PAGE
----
Other People’s Opinions

As I have written in several past blog posts, it is important to seek feedback so that you know if you are improving in certain areas of your life, especially professionally. 

Having said that, I recently saw a quote that said, “What other people think about you has nothing to do with you and everything to do with them.”

This was an Ah! Ha! moment for me because I realized that you need to ask the “right” people versus anyone when you are looking for feedback.

It takes courage to give feedback but more importantly it takes courage to receive feedback. 

If the person who is telling you what you should be doing to move forward has ulterior motives, then this is obviously a problem.

They could also be jealous of your progress and want to derail you because it makes them feel like you are moving faster than they are.

So, who should you ask? 

Obviously, one’s supervisor would be a good start, but it is necessary to first think about how they operate.

Are they the type who mentions only bad behaviors of you and your colleagues or will they also give compliments when things are going right?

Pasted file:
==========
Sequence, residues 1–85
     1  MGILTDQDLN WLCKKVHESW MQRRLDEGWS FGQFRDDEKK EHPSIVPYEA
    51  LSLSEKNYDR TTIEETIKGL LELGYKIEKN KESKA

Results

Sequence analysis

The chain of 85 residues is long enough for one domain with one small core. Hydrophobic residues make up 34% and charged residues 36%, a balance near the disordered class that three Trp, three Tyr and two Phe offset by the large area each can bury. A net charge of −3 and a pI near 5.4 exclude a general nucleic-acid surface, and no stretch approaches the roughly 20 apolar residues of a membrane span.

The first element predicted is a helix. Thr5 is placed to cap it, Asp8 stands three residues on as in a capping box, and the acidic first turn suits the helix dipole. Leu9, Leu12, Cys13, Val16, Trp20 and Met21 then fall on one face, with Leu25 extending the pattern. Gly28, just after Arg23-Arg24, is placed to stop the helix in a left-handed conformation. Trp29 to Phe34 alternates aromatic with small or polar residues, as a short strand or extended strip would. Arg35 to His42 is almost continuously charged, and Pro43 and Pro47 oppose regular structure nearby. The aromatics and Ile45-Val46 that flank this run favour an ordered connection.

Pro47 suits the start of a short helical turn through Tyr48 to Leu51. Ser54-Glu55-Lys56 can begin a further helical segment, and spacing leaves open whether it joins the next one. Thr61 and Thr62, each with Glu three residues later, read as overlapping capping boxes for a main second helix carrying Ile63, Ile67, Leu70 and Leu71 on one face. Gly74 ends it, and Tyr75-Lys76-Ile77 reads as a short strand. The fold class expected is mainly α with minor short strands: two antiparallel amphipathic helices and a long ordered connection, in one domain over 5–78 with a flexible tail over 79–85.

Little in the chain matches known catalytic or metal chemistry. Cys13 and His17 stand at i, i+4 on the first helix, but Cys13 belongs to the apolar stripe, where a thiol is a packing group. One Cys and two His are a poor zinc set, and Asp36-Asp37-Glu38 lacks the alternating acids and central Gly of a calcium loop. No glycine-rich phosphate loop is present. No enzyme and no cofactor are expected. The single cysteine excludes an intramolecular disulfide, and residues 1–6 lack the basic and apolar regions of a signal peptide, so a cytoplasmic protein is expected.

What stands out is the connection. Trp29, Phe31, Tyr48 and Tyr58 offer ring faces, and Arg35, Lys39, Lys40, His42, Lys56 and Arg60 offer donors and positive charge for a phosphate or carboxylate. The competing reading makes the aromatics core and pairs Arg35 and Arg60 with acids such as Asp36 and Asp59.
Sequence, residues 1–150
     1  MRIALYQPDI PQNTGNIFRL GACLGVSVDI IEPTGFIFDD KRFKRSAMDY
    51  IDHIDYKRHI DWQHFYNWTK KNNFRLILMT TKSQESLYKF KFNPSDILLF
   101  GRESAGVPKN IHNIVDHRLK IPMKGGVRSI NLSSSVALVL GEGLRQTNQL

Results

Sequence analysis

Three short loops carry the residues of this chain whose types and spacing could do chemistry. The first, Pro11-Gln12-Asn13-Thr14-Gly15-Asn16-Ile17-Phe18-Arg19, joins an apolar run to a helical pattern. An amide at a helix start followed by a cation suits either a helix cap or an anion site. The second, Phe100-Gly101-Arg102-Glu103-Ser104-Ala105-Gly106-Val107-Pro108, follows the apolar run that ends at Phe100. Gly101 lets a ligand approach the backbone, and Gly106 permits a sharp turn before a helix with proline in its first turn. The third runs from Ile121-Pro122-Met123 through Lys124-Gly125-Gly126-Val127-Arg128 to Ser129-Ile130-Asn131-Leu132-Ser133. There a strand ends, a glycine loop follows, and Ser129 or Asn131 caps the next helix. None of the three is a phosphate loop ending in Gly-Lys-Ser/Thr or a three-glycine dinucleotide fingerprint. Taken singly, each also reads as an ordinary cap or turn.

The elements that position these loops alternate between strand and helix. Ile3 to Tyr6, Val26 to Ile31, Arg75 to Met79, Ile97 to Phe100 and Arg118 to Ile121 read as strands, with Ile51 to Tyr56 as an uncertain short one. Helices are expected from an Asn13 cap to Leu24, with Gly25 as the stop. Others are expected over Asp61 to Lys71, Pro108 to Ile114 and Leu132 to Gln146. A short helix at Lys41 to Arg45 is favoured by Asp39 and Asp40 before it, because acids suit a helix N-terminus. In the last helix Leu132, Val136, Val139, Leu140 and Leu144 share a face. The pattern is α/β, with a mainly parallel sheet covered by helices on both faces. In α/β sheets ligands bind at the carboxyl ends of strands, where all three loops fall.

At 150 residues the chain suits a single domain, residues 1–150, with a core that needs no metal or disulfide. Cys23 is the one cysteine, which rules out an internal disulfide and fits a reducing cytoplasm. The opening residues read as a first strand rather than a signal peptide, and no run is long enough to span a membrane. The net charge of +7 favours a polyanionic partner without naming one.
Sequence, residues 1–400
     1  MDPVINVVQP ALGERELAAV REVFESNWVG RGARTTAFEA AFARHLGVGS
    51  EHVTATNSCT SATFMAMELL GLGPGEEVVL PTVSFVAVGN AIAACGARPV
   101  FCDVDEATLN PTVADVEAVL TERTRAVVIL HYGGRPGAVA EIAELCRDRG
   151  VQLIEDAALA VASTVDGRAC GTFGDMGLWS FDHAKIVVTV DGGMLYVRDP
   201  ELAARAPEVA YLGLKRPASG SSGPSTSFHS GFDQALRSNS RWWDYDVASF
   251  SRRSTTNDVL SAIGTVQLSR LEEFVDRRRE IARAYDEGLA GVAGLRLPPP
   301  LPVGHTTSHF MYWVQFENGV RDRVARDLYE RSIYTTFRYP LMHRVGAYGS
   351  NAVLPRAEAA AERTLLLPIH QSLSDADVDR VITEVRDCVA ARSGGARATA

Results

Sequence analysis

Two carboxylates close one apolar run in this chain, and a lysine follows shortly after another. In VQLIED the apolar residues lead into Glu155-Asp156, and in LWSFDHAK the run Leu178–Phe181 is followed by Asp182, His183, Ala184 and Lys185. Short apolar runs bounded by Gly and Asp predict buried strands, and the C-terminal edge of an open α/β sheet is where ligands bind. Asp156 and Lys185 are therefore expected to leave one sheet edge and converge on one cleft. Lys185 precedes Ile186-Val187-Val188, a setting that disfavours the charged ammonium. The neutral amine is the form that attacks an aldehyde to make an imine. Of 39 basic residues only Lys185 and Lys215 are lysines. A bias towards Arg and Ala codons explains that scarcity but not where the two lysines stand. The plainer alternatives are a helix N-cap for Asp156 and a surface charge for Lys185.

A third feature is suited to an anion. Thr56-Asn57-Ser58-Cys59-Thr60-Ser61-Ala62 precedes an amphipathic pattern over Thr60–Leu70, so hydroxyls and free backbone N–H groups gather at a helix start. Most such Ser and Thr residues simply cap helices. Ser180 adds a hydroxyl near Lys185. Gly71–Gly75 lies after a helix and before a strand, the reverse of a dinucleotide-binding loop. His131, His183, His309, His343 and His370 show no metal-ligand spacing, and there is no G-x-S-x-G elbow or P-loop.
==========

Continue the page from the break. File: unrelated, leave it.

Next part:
In other words, do they bring you up or are they always bringing you down? 

I feel you should think broader when asking for feedback.

When annual reviews are being worked on, most do not think to ask across the organization but instead rely only on comments within their own department.

Are there other departments that you work closely with who can comment on you? If so, schedule coffee cup dates to get their views.

Outside of the organization, who else should you approach? 

How about customers, vendors, and other alliances you may have? 

They may be more objective because they are not constrained by the official and unofficial “rules and norms” of your organization.

They may also see you in a different light because you are putting your “best foot forward with them” but that is OK.

Just because your career is progressing in the right direction does not mean that you are happy and this can show itself even when interacting with these people.

They may pick up on your non-verbal cues and realize that you really are passionate about the work you do or alternatively you are just going through the motions to get a paycheck.

Many avoid feedback altogether because they think it is always going to be negative but in reality, one can have a much more fulfilling life if they strive to feel more accomplished.

Keeping a journal of the comments that you receive is helpful because you can see where you are progressing, where you need to focus, and identify gaps where maybe training and/or coaching can help.